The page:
Download pdf

We talk of review articles and we talk of systematic reviews. Our observation in India is that many do not know the difference between the two. And many are not at all clear about what a true systematic review is. In such a scenario we wonder who would have ever thought about there being 14 different types of review articles! This article describes 14 types of reviews and the methodologies associated with each one. Published in 2009, it obviously has not percolated well enough (at least in India), and it is time we got aware of these. Only when we are clear about these types, it becomes easier to figure out how we will be doing a review - regular / scoping / systematic or otherwise! 


From QMed's Calendar

Talks on Literature Search / Referencing & Citing at

• Nair Dental College -Research Methodology Workshop - Aug 2

• Research Methodology workshop for PhD scholars of Maharashtra at MUHS, Nashik- Aug 7

• Dr. Vasantrao Pawar Medical College, Nashik - Research Methodology workshop - Aug 11

Guest lecture

• Vasumathi Sriganesh gave a talk on "Access & Usage: Delivering the Best of both" at the BMJ Conclave 2017: Evolving trends in librarianship in India, organized by BMJ India. The event was held in Kolkata and about 20 medical librarians participated. There was another talk on Research Data and what librarians could do to help researchers retrieve and organize the same. This talk was by  by Dr Avinash Chinchure, Chief Librarian of the National Centre for Biological Sciences, TIFR, Bangalore. The Chief guest of the day was the Director of the National Medical Library Delhi, Dr KP Singh, who gave an overview of the NML's current services and updates.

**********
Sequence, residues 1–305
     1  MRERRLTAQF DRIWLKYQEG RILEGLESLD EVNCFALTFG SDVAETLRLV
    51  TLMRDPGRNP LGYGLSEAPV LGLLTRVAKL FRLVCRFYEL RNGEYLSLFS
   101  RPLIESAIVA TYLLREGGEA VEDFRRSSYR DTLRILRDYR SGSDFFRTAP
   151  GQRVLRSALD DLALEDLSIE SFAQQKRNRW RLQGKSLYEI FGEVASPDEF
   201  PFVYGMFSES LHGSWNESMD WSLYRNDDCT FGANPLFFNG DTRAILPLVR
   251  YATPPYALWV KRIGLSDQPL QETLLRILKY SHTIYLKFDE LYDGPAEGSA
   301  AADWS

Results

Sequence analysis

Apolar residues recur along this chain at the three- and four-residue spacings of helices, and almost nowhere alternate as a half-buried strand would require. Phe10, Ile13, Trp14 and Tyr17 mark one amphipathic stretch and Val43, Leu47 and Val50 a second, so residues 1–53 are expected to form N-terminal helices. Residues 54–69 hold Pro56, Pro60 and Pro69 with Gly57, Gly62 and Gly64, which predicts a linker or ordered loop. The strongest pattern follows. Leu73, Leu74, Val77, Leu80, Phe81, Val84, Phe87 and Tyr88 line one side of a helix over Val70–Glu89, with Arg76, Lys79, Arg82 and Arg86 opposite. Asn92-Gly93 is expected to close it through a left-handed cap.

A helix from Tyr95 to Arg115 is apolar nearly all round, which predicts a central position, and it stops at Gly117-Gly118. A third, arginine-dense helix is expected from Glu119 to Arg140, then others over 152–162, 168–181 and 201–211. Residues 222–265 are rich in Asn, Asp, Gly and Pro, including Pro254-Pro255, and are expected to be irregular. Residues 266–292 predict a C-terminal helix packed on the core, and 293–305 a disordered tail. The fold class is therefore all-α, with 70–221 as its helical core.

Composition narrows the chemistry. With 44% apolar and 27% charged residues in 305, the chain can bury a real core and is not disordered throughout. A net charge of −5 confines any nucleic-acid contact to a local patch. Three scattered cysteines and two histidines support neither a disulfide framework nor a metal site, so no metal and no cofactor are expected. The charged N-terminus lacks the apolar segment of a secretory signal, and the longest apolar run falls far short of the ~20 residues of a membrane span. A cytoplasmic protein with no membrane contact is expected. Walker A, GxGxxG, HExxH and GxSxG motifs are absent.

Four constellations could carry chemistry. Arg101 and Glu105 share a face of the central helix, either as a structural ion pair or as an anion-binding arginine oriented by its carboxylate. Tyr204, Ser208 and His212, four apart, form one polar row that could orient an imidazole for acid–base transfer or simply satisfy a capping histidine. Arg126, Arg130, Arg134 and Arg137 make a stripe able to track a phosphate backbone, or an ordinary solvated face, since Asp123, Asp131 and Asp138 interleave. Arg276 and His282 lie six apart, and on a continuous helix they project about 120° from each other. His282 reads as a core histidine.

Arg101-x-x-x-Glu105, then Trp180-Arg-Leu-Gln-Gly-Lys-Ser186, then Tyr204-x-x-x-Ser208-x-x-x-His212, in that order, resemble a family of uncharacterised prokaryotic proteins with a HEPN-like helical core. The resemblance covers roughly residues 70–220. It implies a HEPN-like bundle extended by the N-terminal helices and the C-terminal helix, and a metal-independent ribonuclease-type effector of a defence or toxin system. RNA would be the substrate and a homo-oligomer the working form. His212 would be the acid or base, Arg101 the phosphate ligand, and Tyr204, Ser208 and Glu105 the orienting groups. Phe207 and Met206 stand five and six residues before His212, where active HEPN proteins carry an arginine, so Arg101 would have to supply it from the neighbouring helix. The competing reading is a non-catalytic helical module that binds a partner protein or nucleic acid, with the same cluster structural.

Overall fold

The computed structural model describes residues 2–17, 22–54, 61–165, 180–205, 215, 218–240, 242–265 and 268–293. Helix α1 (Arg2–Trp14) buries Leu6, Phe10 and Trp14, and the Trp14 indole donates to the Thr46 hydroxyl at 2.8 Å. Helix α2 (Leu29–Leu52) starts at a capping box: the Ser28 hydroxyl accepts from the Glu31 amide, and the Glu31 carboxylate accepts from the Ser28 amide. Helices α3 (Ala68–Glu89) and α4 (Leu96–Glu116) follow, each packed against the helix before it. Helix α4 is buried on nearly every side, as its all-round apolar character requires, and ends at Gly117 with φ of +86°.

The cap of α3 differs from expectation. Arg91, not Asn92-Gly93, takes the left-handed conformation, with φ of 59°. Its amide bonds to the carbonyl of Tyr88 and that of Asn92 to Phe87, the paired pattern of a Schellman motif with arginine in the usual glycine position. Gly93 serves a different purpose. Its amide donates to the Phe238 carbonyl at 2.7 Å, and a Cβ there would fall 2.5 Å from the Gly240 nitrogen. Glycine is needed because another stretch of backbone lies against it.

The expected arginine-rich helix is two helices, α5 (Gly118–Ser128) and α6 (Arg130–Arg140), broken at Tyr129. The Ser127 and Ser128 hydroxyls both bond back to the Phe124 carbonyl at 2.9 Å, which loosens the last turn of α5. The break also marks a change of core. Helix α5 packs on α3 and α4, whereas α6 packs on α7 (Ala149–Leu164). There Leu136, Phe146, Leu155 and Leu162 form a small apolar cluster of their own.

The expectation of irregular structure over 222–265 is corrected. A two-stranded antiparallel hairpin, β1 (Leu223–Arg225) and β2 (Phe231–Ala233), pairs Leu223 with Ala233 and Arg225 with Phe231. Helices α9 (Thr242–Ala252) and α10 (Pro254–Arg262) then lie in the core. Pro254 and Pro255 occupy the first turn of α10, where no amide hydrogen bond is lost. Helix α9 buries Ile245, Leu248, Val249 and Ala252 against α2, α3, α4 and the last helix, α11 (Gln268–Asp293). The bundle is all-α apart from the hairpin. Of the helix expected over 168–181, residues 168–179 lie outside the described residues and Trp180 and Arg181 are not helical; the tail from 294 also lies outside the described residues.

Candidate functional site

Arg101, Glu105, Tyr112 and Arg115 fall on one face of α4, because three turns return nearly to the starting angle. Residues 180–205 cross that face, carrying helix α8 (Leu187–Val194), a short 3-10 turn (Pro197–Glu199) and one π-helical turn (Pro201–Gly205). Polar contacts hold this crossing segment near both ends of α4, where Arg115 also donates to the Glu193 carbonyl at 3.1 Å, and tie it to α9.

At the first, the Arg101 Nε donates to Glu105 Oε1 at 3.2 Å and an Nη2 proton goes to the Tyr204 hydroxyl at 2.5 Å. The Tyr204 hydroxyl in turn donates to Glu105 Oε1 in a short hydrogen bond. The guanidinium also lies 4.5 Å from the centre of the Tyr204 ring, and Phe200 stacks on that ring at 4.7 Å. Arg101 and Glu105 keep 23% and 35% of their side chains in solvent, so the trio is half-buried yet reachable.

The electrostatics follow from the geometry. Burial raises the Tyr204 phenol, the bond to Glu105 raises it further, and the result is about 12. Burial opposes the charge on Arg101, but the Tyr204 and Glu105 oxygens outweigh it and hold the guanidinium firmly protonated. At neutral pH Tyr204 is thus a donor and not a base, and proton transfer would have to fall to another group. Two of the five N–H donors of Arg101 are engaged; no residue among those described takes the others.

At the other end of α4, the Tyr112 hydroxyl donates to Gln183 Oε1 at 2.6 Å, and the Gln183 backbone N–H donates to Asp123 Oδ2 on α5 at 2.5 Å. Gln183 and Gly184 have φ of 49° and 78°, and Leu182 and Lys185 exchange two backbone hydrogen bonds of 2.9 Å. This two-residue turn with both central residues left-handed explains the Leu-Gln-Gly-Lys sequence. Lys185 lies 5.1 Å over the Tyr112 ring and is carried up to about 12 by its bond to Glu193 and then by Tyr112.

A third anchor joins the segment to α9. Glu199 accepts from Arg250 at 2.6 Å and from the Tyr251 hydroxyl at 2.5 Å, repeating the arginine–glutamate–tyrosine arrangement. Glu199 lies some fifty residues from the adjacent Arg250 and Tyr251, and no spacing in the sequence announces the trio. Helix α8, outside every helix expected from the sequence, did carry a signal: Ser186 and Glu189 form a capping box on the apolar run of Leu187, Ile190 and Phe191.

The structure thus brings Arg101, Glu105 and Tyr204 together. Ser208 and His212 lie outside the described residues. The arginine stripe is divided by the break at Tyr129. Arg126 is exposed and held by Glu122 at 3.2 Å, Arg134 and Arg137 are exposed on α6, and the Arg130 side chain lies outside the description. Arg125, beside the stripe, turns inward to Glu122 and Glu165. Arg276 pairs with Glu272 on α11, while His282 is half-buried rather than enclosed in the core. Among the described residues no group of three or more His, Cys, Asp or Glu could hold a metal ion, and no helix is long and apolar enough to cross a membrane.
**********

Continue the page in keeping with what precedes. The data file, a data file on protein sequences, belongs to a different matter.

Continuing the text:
• Half day Workshop for employees of Cellcys Labs, Mumbai - Aug 5. Eight participants attended.

The 100 PGs project: (For more details - click here)

• Mastering PubMed & Reference Management with Mendeley was held at QMed’s office on Aug 13, two PG students attended this workshop.


QMed Participates 

• 8-Aug: We participated in a workshop on Board Governance, organized by the Centre for Advancement of Philanthropy. The workshop clearly explained what constitutes law and what constitutes "must do" activities for a non profit board. The participants also got recommendations on how to have a good board and to get the best out of the board.

• 23-Aug: We participated in a workshop on Fundraising, organized by Danamojo. A wonderful learning experience, where participants got to do hands on activities to get started on a number of fund raising ideas! What was great about this workshop was the range of perspectives on fundraising - from the view points of experienced NGOs to the view points of donors. The founder also offered to comment on the "Donation" page of NGOs who were looking for feedback, and the comments / ideas were so good, that we could implement some of them the next day. The best part was that the Danamojo platform was demonstrated very briefly, but that was more than enough for an NGO to learn why they should immediately have this platform up on their website. We will have the platform on our site very soon, making it much easier for donors to give.